The other point of view on what is natural and what’s not comes from considering purpose and function. In order to decide whether aging is natural or not, we should define its function. There are two explanations. The first one is religious, where the vindictive god wants the people to remember they are morally weak. As Dr. Caplan notes, this can’t be used as a scientific explanation, which leaves us with the second point of view “that the purpose or function of ageing is to clear away the old to make way for the new.” Evolutionary biologists tried to explain what aging is and why it is needed based on the concept of natural selection.

More surprisingly, the scientific explanation of ageing as serving an evolutionary role is also not true, because it rests on a faulty evolutionary analysis.

Given that selective forces act on individuals and their genotypes and not species, it makes no sense to speak of ageing as serving an evolutionary function or purpose to benefit the species.

I find this thought genius. It seems to me so obvious now when I’ve read it. Indeed, this has always been overlooked by aging biologists. Evolutionary theories have always seemed so dangerously appealing that it might have drawn aging biologists (like Tom Kirkwood, for example) away from fighting aging. A lot of scientists still think aging is natural and I believe the evolutionary theories have played a major role in forming this belief. This may be the underlying reason why researchers can’t accept the thought that aging can and should be cured. Dr. Caplan defines aging in the following way:

Ageing exists, then, as a consequence of a lack of evolutionary foresight; it is simply a by-product of selective forces that work to increase the chances of reproductive suc- cess. Senescence has no function; it is simply the inadvertent subversion of organic func- tion, later in life, in favour of maximizing reproductive advantage early in life.

The common belief that ageing serves a function or purpose, if this belief is based on a misapprehension of evolutionary theory, is mistaken. And, if this is so, it would seem that the common belief that ageing is a natural process is also mistaken. And if that is true, and if it is actually the case that what occurs during the ageing process parallels the changes that occur during paradigmatic examples of disease (Boorse, 1975), then it would be reasonable to consider ageing as a disease.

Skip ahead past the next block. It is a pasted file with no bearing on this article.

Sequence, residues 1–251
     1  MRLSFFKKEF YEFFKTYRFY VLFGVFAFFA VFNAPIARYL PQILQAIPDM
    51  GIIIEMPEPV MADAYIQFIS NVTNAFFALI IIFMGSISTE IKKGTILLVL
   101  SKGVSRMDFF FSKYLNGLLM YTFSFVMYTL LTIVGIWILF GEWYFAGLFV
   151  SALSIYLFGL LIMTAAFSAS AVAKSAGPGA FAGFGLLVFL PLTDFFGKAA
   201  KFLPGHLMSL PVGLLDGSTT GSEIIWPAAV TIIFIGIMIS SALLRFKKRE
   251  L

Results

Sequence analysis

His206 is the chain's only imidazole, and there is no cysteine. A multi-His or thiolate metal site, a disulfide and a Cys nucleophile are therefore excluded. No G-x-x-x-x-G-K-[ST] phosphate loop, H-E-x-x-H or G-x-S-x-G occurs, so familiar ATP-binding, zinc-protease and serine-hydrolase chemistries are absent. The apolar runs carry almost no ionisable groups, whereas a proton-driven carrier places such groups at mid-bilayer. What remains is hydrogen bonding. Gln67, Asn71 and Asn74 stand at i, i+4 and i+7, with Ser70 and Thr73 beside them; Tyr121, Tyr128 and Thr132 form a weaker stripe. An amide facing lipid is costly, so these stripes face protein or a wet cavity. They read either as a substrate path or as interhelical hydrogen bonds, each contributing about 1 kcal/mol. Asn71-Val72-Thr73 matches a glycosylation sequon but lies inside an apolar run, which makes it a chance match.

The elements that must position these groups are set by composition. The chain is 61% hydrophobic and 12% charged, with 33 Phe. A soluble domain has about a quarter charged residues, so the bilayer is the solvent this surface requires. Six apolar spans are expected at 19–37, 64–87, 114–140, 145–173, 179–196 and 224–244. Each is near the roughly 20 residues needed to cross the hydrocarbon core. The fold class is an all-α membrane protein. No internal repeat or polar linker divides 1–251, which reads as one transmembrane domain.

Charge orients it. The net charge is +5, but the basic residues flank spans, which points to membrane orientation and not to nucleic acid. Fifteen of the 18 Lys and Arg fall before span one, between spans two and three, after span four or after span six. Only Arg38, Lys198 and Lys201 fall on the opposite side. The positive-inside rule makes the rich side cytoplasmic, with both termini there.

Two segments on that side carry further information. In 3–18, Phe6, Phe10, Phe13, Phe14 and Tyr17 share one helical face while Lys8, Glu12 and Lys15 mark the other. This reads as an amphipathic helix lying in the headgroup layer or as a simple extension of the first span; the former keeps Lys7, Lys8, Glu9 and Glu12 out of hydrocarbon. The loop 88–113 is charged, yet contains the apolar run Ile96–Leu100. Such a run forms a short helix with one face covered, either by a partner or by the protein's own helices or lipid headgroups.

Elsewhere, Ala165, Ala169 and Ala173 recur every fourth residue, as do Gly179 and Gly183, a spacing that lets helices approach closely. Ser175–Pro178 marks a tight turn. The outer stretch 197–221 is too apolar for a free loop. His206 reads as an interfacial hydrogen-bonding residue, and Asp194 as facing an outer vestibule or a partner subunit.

The explanation of why ageing occurs has many of the attributes of a stochastic or chance phenomenon. And this makes ageing unnatural and in no way an intrinsic part of human nature. As such, there is no reason why it is intrinsically wrong to try to reverse or cure ageing.

There is no reason why we can’t call aging a disease. There is no ethical reason why we shouldn’t try to slow down or reverse aging. There is no ethical reason why we shouldn’t fight aging – the worst disease of all times.

Maria Konovalenko is a molecular biophysicist and the program coordinator for the Science for Life Extension Foundation. She earned her M.Sc. degree in Molecular Biological Physics at the Moscow Institute of Physics and Technology.
Print Email permalink (1) Comments (4002) Hits •  subscribe Share on facebook Stumble This submit to reddit submit to digg


I like his conclusion, but I’m sad to see he got there through bad reasoning.

“Dr. Caplan says that if that were not true, then there must have been compelling evidence that aging is natural ‘and, as such, intrinsically good thing.’”

Natural is not the same as good, much less intrinsically good. Many natural things are, indeed, bad (for humans, anyway). Whether or not aging is good or bad has little to do with whether it’s natural and so much more to do with whether it’s helpful, useful, or desirable. The answer to all three, I think, is no.

YOUR COMMENT (IEET's comment policy)

Login or Register to post a comment.

Next entry: Cyber Intelligence Sharing and Protection Act (CISPA)

Previous entry: The Problem with Highlighting Beauty Along with Brains


RSSIEET Blog | email list | newsletter |
The IEET is a 501(c)3 non-profit, tax-exempt organization registered in the State of Connecticut in the United States.

East Coast Contact: Executive Director, Dr. James J. Hughes,
56 Daleville School Rd., Willington CT 06279 USA 
Email: director @     phone: 860-428-1837

West Coast Contact: Managing Director, Hank Pellissier
425 Moraga Avenue, Piedmont, CA 94611
Email: hank @